What Finger Food is Best for Baby

Finger food should not be started before 6 months of age, says Kate Save, Dietitian, Exercise Physiologist and Diabetes Educator from Be Fit Food.

“Your baby should be able to sit up and hold their head up independently,” she says.

The baby should start out by eating rice baby cereal, pureed vegetables and fruit, and pureed meats, in combination with breast milk or formula.

Solids can be given prior to breast or formula feeds. You can also try mixed infant cereals that contain oats, barley, rye, rice and so forth. The texture of fruit and cooked vegetables can progress from puree to mash with some lumps.

From 6-8 months:

Ms Save says babies will usually have to close their hand around a piece of food to hold it; so long strips of food work best at this age. Foods too small can cause frustration.

Try:
●    Teething milk rusks
●    Cooked sticks of vegetables (pumpkin, carrot, sweet potato, potato)
●    Soft cooked florets of cauliflower and broccoli
●    Soft pieces of fruits (cooked pear and apple, ripe banana)
●    Well cooked pasta shapes
●    Strips of cooked meat or chicken (soft)

“They can even use their hands for mashed foods – prepare for mess!”

Foods to avoid/ be careful with:
●    Whole nuts or large pieces of nuts (choking hazard)
●    Popcorn (choking hazard)
●    Whole fruits with stones (choking hazard)
●    Round fruits (grapes, cherry tomatoes etc.)
●    Meat and fish containing bones and/or gristle (choking hazard)
●    Processed foods (high in sodium and sugar)

9-11 months:

By 9 months of age, Ms Save says most babies have developed fine motor skills, with small precise movements enabling them to pick up small pieces of food and feed themselves. They will then develop further and be able to take hold of food in a pincer grasp (between forefinger and thumb).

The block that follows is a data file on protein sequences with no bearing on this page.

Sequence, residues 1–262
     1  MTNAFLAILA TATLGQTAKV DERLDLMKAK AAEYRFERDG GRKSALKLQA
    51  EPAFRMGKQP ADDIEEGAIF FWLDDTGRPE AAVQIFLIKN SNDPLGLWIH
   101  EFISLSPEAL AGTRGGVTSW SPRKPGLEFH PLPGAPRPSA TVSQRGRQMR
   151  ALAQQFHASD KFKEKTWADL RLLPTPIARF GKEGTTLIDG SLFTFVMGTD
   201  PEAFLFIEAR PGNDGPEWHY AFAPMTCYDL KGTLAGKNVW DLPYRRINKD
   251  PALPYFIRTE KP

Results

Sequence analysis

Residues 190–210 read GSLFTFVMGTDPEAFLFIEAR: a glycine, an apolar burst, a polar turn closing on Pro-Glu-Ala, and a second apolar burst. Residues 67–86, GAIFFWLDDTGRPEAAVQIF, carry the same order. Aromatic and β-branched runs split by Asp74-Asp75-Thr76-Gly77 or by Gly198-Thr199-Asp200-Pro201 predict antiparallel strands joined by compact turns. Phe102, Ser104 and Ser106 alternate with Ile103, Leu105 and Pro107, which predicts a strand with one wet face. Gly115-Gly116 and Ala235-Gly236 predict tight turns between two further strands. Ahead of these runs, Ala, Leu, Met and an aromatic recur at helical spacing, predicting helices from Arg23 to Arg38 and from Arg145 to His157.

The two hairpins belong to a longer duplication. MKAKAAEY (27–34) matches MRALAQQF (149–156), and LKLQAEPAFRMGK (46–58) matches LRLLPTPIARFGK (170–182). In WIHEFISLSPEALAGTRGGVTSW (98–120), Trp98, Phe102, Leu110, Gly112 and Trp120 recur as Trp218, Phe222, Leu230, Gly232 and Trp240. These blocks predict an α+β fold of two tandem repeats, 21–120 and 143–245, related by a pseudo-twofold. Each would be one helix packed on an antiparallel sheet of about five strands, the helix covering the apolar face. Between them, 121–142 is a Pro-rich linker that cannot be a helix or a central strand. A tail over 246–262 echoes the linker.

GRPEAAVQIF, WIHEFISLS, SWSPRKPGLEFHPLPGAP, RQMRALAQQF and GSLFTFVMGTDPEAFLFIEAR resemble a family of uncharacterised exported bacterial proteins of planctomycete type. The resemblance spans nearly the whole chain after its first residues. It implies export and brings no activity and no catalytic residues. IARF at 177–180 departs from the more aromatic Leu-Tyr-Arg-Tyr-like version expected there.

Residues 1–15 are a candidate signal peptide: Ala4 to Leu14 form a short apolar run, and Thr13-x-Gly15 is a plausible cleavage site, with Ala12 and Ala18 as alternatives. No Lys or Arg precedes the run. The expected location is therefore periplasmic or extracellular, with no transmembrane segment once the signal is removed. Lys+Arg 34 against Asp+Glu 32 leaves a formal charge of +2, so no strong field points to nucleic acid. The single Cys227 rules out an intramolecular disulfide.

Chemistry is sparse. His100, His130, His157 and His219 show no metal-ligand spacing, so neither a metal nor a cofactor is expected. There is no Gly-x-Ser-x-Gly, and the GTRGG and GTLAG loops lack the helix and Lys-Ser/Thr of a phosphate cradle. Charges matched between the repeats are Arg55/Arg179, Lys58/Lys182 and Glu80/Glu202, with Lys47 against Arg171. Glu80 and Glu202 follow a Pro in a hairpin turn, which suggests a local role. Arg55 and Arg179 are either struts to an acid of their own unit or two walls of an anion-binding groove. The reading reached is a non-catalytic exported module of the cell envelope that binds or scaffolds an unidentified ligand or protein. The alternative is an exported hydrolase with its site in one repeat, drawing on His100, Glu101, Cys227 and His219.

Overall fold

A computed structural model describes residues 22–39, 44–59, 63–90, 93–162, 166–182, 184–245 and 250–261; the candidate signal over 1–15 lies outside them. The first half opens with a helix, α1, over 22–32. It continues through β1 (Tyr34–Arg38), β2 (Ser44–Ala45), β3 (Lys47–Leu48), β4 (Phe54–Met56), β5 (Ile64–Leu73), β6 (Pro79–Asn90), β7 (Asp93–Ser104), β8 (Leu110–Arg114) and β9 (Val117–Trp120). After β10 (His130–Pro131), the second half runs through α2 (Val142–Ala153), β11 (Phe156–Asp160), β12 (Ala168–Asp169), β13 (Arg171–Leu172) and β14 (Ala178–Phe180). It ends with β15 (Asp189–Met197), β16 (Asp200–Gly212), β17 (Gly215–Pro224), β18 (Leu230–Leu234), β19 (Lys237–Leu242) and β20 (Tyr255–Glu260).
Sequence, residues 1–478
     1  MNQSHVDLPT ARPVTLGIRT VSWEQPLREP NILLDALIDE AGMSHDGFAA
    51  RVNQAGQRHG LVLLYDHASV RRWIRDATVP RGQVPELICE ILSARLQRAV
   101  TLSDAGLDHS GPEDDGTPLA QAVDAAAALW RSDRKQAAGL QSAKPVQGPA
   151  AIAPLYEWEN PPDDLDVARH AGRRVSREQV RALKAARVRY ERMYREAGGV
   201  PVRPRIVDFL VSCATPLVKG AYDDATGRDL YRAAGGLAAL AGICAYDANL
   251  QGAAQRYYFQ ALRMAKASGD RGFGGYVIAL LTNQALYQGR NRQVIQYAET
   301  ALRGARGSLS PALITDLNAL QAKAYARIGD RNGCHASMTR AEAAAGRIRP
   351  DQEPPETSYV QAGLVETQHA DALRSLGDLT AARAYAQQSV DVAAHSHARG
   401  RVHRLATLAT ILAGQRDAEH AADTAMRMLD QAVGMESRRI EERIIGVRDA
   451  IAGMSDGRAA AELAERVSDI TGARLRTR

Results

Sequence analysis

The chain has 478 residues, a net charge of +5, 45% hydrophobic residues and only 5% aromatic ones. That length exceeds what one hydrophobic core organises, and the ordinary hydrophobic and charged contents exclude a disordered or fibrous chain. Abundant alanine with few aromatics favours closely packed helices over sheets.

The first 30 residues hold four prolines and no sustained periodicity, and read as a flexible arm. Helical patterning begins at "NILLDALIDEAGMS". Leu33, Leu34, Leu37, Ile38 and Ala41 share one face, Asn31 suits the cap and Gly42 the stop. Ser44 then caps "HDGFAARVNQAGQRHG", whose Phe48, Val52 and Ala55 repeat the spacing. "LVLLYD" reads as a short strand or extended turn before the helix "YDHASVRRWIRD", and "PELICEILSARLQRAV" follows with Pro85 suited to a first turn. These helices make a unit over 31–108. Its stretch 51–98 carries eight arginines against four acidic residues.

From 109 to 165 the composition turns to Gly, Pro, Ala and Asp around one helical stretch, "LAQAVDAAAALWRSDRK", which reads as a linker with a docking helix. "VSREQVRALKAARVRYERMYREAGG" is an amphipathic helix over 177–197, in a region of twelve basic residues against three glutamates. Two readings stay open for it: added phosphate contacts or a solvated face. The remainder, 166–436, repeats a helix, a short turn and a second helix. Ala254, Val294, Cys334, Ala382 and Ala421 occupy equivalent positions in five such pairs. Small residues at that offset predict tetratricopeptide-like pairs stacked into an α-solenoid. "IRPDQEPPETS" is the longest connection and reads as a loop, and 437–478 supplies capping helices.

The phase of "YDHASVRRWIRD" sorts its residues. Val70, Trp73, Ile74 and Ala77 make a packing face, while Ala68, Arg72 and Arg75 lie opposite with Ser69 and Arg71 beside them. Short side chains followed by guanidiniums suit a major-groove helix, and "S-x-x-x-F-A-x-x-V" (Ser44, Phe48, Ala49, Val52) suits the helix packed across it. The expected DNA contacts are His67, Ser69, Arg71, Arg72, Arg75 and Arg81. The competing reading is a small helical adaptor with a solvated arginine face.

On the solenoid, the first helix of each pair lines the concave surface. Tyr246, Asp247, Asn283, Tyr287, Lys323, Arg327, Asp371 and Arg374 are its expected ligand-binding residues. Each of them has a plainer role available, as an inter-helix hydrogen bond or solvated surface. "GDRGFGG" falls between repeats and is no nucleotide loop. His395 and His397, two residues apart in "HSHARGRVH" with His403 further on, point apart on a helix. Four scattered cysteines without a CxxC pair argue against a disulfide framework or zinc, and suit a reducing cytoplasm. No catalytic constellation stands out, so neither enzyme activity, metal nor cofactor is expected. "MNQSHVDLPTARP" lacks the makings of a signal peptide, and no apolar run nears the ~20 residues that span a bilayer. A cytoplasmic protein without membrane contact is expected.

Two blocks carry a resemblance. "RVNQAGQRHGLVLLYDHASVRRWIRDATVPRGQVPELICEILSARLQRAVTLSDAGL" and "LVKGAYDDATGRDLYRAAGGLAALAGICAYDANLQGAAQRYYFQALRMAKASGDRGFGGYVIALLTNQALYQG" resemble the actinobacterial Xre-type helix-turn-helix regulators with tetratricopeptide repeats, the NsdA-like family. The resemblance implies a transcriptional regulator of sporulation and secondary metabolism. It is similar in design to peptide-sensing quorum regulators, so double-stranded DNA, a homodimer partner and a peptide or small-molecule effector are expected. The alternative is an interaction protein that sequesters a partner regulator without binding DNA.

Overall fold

Encourage finger food as this helps your baby to develop independent, healthy eating habits. Though, you still need to be helping by spoon-feeding infant cereal and other important dietary requirements.

Try:
●    White or wholemeal bread or toast.
●    Rice cakes and crackers
●    Include all vegetables, raw or chopped rather than mashed.
●    Include fruit and remove tough skins and large seeds.
●    Remove all skin, gristle and bones from meat.
●    Introduce dairy such as yoghurt and cheese.
●    Pieces of boiled egg

Note: Milk should not be provided as a drink until 12 months

12-16 months:

By 12 months of age, your baby should be self-feeding with assistance as necessary, says Ms Save. They can continue to eat similar foods as 11 months of age, but you can introduce a greater variety of textures, flavours and variety of ‘new’ foods. This could include herbs and seasoning, and combination of foods creating small meals. They are transitioning to eating more closely with the ‘family meal’. Your baby can also start to drink full cream cows milk.

●    Porridge
●    Scrambled eggs and avocado on toast
●    Roast chicken and vegetables
●    Spaghetti Bolognese
●    Sandwiches

18-24 months:

At this stage toddlers are joining in with family meals and are using a spoon, Ms Save says. They will be eating foods from all five food groups and will have tried many different flavours, textures and types of food. This will also be the time they learn to sip through a straw and drink from a cup. As they are more independent, they are also developing food preferences. This is when fussy eating can commence.

●    Offer a good balance of finger food.
●    Serve meals in small portions (large portions can be overwhelming).
●    Provide family foods and include them in family mealtime.
●    Continue exposure to a variety of healthy foods.
●    Try not to prepare a ‘special’ separate meal for your toddler.
●    Try not to give too much to drink, particularly milk, between meals or just before a meal – this can be filling and cause them to reject food.
●    They can be having a similar meal structure to normal family eating- 3 meals and 2-3 snacks per day.

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